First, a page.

The world's leading PTR-MS company

Ultra-Sensitive Real-Time Trace Gas Analyzers  •  Modular TOF-MS for Research & OEM


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Pittcon 2017

6.- 9. March 2017, Chicago, booth #1622

The world’s largest exposition on laboratory science: visit our booth and experience PTR-TOFMS! Real-time ultra-trace VOC analysis from the world market leader.

Visit us at Pittcon 2017

This global exposition gives you the opportunity to get a hands-on look at the latest laboratory instrumentation, participate in live demos and product seminars, talk with technical experts, and find solutions to all your laboratory challenges.

We'll be part of the exhibition and the scientific conference program. Join us at our booth #1622 and experience a live demonstration of our new PTR-TOF 4000 high-resolution trace VOC analyzer!

Who we are and what we do

We develop and manufacture ultra-sensitive real-time trace gas analyzers using the unique Proton Transfer Reaction – Mass Spectrometry (PTR-MS) and related technologies. 
We also produce trace calibration devices for analytical instruments, construct industrial process monitoring solutions, custom time-of-flight mass spectrometers and offer analytical services.
Over 300 leading scientists, institutions and multinational corporations are among IONICON’s customers.

Discover PTR-MS and its advantages

Learn how our technology works and why it is the best solution for real-time quantitative trace gas analysis. Understand how market-leading ppqv-level online detection limits are possible and how to get quantitative results in real-time without sample preparation. 
Contact us!

Expo Live Demo

We'll engage with you in our 15-20 minutes pre-scheduled interactive live demo. Come and join us when we demonstrate real-time VOC analysis from ambient air and breath sampling. Seating is limited, so be there early!

"The Air We Breathe In & Out at Pittcon"

Thursday March 9, 2017. 10:00 am, demo area 1 (booth #2931)

Would you like to find out what's in the air you breathe in at the show floor or breathe into our instrument and find out which volatile metabolites you exhale? We analyze the air in real-time and visualize trace concentrations of organic compounds for you!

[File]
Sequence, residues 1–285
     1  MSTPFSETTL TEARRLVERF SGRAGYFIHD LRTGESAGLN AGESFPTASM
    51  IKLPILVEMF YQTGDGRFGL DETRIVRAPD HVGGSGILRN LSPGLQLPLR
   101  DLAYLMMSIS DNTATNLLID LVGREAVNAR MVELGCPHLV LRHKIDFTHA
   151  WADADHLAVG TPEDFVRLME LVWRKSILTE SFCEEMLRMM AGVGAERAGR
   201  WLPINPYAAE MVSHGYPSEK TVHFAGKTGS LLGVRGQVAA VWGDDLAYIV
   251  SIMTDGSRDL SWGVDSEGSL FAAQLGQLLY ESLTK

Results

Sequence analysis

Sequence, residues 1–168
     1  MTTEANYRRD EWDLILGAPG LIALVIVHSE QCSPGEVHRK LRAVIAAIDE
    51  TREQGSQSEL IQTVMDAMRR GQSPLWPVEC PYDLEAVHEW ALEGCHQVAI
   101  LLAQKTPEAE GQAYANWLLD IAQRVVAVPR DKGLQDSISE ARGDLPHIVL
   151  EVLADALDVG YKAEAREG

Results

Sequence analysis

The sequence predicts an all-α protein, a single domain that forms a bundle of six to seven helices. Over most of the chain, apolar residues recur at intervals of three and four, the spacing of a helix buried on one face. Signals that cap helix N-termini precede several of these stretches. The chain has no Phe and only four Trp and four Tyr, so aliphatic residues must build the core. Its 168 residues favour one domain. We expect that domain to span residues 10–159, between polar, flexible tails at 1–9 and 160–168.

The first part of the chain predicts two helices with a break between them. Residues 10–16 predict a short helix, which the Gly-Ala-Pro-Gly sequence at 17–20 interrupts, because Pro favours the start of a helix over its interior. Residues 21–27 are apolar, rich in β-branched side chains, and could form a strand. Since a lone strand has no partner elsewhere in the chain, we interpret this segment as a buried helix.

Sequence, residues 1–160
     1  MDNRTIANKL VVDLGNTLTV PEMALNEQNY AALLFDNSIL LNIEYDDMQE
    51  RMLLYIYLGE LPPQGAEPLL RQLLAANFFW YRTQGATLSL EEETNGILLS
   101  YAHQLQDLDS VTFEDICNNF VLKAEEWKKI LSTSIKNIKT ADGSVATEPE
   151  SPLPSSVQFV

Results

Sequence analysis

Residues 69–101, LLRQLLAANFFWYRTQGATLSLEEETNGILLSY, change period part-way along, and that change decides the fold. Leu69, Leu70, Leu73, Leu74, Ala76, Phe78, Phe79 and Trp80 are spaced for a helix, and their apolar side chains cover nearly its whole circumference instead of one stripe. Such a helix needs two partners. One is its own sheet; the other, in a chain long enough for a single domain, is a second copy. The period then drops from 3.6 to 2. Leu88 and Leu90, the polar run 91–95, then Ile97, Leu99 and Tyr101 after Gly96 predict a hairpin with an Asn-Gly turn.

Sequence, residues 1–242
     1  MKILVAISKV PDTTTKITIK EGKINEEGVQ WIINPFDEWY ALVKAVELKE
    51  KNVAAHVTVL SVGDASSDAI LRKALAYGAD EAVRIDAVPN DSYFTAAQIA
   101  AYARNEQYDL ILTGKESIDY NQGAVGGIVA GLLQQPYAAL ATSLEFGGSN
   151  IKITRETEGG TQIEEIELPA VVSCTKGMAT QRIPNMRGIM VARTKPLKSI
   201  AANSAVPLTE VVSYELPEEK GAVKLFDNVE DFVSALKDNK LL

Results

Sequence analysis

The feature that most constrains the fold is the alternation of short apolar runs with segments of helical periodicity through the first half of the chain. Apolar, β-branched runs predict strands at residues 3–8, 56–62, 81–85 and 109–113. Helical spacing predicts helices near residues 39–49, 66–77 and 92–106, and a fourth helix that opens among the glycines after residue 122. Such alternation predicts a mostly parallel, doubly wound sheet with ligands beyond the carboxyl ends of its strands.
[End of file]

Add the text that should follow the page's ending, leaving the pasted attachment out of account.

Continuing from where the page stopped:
The IONICON PTR-MS systems are ultra-sensitive mass spectrometers for the real-time analysis of volatile organic compounds (VOCs). Our instruments are used all over the world in environmental research, atmospheric chemistry and biology, in food, flavor and aroma science, in breath gas air analysis, in room air and exhaust emission monitoring and in many other applications.

Scientific Presentations


Online Monitoring and Diagnostics of In Vitro Processes for Production of Pharmaceuticals

Date: Monday, March 6th, 2017. Time: 03:35 PM. Room: W179a
Session: Cellular Respiration (Breath-Based) Metabolomics: In Vitro Links to Living Systems for Toxicology, Food Safety, Infection, Pharmaceutical Production and Metabolism Diagnostics.

Breath-based metabolomics, the analysis of volatile metabolites in breath, promises a non-invasive window into the body to detect metabolic disorders, diseases etc. However, our own metabolism is not the only source of exhaled volatile organic compounds (VOCs). While the impact of exogenous compounds, inhaled or ingested, is actively researched, there is less known on the contribution of our complex bacterial ecosystem, which could even be the stronger source. We demonstrate the complexity of bacterial emissions, by observing a biologically simple system.
In a biopharmaceutical fermenter genetically modified bacteria produce modern drugs. With one genetically defined strain, under precisely controlled environmental conditions, these systems are biologically as simplified as possible. The aeration flow providing oxygen, takes up volatile metabolic byproducts. This allows monitoring volatile emissions by analyzing the offgas using a Proton-Transfer-Reaction Mass-Spectrometer (PTR-MS) – a highly sensitive, online monitor for VOCs.